Clotilde: When Bjarke Ingels talks about hedonistic sustainability, he mentions that there are misconceptions on the matter, and that sustainability is perceived as a moral sacrifice. However, even though sustainable design has been extensively linked to improvements in quality of life, it is seemingly predominant mostly in high-end designs. What, in your view, hinders a sustainable approach from being incorporated into mass housing programs in emerging economies?


Marwa: I think the main issue with sustainability today is that it is being used as a marketing tool, namely, to sell certain structures and building materials more widely or more expensively than others. While architecture is essentially about targeting several goals to be integrated into a coherent whole, functionality, efficiency, and sustainability should be among these goals, and not each as an end in itself.


Sustainability used to be regarded as part of function; a building would function well if it’s efficient, durable, and pleasant to use in different contexts, such as different climate zones, site resources, and energy needs. Only because mass housing is not intended to be part of any marketing process, but rather as a last resort for people who cannot afford otherwise, there is no need for the use of “sustainability.”


Clotilde: “Architects design ecosystems, so not only the flow of people but also resources” – do you agree with this statement? Do you think this is upheld in the international architectural scene?


Marwa: I completely agree. Jane Jacobs is one of those who addressed very powerfully the economic impact of urban planning. But from the scale addressed by Jacobs, we can note how it also trickles down to various scales of architecture. As I try to describe in The Battle for Home, at the same time architects are creating certain routes and routines for people, they are designing networks that control and often dictate the shape of their relationships and flow of resources created and exchanged.


Clotilde: I am writing from Cape Town, which, like most African cities, reflects different cultural streams with the coexistence of suburban areas and industrial and informal settlements. Besides the high-end projects, housing developments are not often being designed with a community-driven approach, which looks at the creation of spaces for public participation. Given the nature of segregation that has characterized many cities in the world, how feasible is it to introduce and promote urban planning that creates generous spaces to foster community interaction?


Marwa: The Battle for Home has proved to me that we face a common, universal problem in all cities around the world. As with any serious problem, it may sound too complex and challenging, while in fact, once identified, all it takes is the power of good will. I’m convinced that it is a matter of decision-making. The challenge is how to convince the wealthy and the greedy that it is to their benefit as well to build in a fair and just way, and how to let them trade immediate profit for a longer and more sustained one. I believe the war erupting in my country [Syria] could make a good case.


Clotilde: Architecture literally surrounds us, but its impact is sometimes hindered by personal issues/problems in our daily lives. How do we start conversations at a community level to appreciate or critically engage with the forms that surround us?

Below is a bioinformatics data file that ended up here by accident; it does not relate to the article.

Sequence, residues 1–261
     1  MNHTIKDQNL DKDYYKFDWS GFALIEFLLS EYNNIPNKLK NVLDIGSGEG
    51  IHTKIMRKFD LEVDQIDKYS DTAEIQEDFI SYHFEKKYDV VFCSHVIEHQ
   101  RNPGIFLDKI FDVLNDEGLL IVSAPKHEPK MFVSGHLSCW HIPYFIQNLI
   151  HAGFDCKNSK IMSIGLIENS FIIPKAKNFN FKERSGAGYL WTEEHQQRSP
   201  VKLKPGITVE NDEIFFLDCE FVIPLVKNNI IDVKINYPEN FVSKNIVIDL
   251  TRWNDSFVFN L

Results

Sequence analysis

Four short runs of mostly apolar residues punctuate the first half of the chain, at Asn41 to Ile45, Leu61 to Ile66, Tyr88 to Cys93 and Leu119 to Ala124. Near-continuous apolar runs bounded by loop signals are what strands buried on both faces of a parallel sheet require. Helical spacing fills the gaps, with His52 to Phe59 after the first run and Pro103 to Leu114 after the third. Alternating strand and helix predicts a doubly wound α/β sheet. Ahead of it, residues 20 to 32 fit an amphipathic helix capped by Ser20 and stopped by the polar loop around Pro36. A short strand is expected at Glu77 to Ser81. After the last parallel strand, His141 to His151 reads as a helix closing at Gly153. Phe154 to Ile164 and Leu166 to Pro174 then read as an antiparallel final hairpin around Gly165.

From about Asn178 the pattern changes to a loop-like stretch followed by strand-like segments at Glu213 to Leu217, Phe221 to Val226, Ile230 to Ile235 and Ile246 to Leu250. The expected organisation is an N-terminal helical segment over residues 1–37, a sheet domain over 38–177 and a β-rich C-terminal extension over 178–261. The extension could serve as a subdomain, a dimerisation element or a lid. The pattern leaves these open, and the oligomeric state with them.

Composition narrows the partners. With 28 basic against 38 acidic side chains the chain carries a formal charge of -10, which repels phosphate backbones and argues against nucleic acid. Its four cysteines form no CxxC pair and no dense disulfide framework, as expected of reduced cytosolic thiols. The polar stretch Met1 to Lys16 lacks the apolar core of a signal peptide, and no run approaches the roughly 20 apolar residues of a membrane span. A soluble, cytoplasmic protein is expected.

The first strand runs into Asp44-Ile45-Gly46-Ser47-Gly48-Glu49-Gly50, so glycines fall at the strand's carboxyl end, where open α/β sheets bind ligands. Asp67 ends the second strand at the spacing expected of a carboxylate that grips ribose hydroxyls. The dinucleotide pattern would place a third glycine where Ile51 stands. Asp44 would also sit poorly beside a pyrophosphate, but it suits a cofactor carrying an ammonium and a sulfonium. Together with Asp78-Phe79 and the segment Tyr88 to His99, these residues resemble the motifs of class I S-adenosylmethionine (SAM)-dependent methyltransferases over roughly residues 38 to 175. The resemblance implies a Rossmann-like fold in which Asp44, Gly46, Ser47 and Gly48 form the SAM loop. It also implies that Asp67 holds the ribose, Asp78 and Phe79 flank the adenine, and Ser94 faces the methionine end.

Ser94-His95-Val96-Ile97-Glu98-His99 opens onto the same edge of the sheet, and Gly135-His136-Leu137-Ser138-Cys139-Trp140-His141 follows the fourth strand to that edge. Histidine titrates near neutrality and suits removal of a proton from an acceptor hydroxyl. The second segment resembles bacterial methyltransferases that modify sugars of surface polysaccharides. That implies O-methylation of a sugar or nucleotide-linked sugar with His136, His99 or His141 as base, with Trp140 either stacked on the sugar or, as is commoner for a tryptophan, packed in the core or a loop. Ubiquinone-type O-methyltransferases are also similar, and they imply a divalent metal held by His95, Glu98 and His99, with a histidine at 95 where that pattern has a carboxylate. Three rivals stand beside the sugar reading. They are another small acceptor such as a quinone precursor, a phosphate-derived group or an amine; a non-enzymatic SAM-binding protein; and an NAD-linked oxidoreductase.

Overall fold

Marwa: Architects and planners have the responsibility to be engaged in the lives of those for whom they design – and offer solutions. We often lack this in our profession, which begins with the early stages of our architectural education. I find comparing architecture to the medical profession offers a helpful analogy. Architecture, as medicine, is a serious profession (although many tend to take it much more lightly) that affects the lives it touches very powerfully and deeply, but is mostly overlooked. The war in my country shows that the consequences can be equally as deadly. But unlike doctors, our education is not properly based on the user; often we are far too immersed in the act of “creation” and we forget all about the user, or alternatively, we “invent” for our buildings “special” kinds of users; they could be critics, magazine editors, art historians, or public figures looking to be immortalized by our designs. Hence my view is that the conversation should not start at a community level, but rather at the educational and professional level that could end up (if needed) at a community level.


Clotilde: What and who inspire you?


Marwa: When honest and genuine, everything and everyone inspires me. In our Islamic culture we have a prayer that asks to be “of those who listen to the saying and follow the best of it.” I find this approach most rewarding as it presents in its holistic concept everything as a source of knowledge, but also as a subject for scrutiny – nothing is excluded and nothing is taken for granted. An act of constant refinement.



Follow @marwa_alsabouni
Marwa Al-Sabouni’s (fabulous!) TedTalk
Marwa Al-Sabouni on ArchDaily
The Conversation Podcast on BBC



(click on pictures to enlarge)

Marwa Al-Sabouni

“Tree Unit” is Marwa Al-Sabouni’s submission to the 2014 UN-Habitat Mass Housing Revitalization Competition. It won first place in the national results for Syria.

Marwa Al-Sabouni

“Tree Unit”

Marwa Al-Sabouni

“Tree Unit”

Marwa Al-Sabouni

Marwa Al-Sabouni